Registration open

Jun 15, 2020


COVID-19 has changed how the world is doing business and presenting education, and the Milan No-Till Crop Production Field Day is no exception. The 2020 event will be hosted entirely online beginning July 23, and registration is now open.

Presented by the University of Tennessee Institute of Agriculture, the now biennial field day has been the event to attend to learn the most cutting-edge research and technology available to row crop farmers interested in practicing no-till or minimum-till agriculture. Over the 40 years of the event, thousands of producers and agribusiness representatives from all across the Mid-South and neighboring regions, as well as internationally, have flocked to West Tennessee to learn first-hand how to improve their profitability while maintaining the quality of their soil and the environment.

For this year’s event—in an effort to preserve the health and safety of visitors and presenters while slowing the spread of COVID-19—organizers decided to move all educational presentations, tours, and the trade show to an online format. All content normally available to attendees will be online at the website for the UT AgResearch and Education Center at Milan starting July 23. The popular educational tours will be presented in video format.
Blake Brown, director of the Milan Center, thinks the new format will be beneficial to producers.

“By going virtual we can reach people that we would not otherwise reach, while offering our participants much greater flexibility in how and when they access our information,” he says.

Participants will not have to brave the hot, humid climate of West Tennessee in July and will instead access the content online from the comfort of their home, office, tractor cab, or truck.

The complete program will be posted at the website and includes 57 presentations and 15 tours that feature no-till production basics and advanced discussions by commodity; discussions of maintaining soil health; water management; precision agriculture; and pollinators. Also on the program are beef cattle management; trade, farm policy and production economics; and discussions about natural resource management, including Chronic Wasting Disease (CWD) in deer, and forest and pond management. A tour that focuses on hemp production is also on the agenda.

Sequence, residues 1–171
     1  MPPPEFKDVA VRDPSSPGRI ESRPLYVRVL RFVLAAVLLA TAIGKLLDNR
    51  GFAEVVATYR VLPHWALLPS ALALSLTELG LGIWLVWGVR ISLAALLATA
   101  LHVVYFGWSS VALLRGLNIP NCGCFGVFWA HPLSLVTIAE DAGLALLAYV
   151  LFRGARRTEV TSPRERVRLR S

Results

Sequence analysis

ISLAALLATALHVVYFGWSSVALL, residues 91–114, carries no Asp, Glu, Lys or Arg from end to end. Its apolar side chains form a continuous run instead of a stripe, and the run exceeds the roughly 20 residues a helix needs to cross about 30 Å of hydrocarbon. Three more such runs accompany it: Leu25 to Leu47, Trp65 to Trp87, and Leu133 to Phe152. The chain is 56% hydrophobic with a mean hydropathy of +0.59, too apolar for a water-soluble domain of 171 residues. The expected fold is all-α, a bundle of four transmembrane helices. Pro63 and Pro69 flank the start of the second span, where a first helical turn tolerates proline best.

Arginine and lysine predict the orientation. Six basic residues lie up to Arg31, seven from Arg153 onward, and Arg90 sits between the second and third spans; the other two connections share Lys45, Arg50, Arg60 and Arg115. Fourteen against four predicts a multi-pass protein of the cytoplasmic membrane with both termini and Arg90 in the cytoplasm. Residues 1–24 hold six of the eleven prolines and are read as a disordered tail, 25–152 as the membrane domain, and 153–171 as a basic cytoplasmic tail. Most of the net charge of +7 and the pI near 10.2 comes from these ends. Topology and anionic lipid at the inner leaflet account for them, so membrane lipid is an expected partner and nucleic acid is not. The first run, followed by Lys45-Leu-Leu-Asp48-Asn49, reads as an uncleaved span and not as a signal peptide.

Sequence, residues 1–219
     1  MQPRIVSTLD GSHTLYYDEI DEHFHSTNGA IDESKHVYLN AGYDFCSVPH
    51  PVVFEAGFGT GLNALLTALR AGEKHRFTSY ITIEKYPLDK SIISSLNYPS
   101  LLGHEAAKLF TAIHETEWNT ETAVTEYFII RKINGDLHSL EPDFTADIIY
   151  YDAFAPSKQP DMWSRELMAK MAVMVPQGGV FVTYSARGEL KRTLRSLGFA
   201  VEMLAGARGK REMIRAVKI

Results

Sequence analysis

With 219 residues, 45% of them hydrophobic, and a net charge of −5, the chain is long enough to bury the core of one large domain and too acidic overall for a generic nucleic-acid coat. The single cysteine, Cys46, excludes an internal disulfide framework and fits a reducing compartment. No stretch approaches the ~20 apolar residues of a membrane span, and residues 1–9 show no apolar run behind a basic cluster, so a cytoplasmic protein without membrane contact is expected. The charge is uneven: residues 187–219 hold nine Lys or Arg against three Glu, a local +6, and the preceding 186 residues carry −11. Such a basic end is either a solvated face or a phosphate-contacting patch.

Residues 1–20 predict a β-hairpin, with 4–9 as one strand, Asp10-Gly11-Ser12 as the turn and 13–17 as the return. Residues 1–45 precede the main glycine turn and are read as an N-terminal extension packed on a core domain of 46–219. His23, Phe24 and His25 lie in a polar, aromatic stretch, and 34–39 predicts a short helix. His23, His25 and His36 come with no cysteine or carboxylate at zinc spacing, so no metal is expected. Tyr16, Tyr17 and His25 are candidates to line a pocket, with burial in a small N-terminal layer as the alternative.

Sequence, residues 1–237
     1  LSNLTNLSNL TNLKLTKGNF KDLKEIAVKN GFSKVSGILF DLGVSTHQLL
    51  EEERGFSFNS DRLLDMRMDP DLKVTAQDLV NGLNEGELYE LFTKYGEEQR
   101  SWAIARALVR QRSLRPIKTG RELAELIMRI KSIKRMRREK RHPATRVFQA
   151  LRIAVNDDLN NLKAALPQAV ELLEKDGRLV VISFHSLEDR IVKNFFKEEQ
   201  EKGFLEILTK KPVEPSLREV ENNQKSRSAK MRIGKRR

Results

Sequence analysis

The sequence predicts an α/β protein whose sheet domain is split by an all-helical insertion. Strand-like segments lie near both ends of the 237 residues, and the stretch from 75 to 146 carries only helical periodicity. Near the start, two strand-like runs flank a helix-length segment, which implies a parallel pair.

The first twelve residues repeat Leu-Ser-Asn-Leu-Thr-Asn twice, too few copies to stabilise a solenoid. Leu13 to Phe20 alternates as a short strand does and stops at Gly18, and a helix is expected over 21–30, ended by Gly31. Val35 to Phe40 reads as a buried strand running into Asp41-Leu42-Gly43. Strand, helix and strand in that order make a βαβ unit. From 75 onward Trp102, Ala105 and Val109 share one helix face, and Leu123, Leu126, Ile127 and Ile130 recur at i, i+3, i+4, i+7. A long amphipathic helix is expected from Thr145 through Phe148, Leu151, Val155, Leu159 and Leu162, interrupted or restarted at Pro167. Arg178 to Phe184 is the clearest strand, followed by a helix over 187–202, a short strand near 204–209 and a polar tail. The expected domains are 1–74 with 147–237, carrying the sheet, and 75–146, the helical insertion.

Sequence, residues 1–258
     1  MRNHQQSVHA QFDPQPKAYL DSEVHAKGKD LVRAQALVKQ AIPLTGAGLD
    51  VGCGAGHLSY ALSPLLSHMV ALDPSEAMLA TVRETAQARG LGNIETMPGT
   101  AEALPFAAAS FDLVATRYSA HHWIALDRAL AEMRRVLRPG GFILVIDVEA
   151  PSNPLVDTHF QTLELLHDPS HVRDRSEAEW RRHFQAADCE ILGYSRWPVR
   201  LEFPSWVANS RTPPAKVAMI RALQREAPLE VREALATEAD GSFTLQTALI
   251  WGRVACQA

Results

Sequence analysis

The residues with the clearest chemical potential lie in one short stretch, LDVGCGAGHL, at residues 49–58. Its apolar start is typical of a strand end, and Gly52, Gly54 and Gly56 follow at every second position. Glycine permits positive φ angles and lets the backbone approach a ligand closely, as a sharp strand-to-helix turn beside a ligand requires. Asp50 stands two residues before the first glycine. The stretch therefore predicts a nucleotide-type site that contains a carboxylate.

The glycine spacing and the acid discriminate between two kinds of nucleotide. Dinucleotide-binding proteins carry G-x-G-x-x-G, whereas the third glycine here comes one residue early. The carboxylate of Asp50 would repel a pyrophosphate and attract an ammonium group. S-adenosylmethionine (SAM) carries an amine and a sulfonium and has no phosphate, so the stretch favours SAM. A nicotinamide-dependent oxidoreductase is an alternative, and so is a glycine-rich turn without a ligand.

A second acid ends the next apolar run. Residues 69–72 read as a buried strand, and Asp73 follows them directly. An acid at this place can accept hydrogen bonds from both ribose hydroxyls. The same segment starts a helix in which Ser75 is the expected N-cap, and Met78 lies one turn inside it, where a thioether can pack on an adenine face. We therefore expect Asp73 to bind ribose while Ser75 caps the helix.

A Facebook Live event will also be available on July 23 featuring Brown and the research at the UT AgResearch and Education Center at Milan. Check in at milannotill.tennessee.edu or follow the Milan No-Till Field Day Facebook page for more updates.

A limited number of gifts will be mailed, while supplies last, to those who choose to pre-register. Registration is free. Visit the website for the Milan No-Till Field Day website to sign up.
 
Most content will remain accessible after July 23. As an added benefit, pesticide recertification points and Certified Crop Advisor continuing education units will remain available through Dec. 31, 2020, to participants who view the online content.

The virtual field day is being sponsored in part by Tennessee Farmers Cooperative and Americot.
 

Read More News

May 15, 2024
Tennessee Farmers Cooperative proudly announces Nevalena Preston as the winner of the Second Annual 4-H T-Shirt Contest. Nevalena, a talented fifth grader and member of the Sumner County 4-H Club, emerged victorious in this statewide competition, sponsored by Tennessee Farmers Cooperative (TFC).
 
May 08, 2024
To support Governor Lee’s priorities of job creation and economic development, the AgTrack Cost Share Fund has been created as an incentive program to promote and encourage agricultural development in Tennessee.
 
Apr 29, 2024
Dr. Justin Rhinehart has been named Interim Dean of Extension beginning May 9, announces Dr. Keith Carver, senior vice chancellor and senior vice president of the University of Tennessee (UT) Institute of Agriculture. Additionally, he will maintain his current involvement with Extension agriculture, natural resources, and community economic development. Justin will replace Ashley Stokes, who is stepping into a faculty role with the UT College of Veterinary Medicine.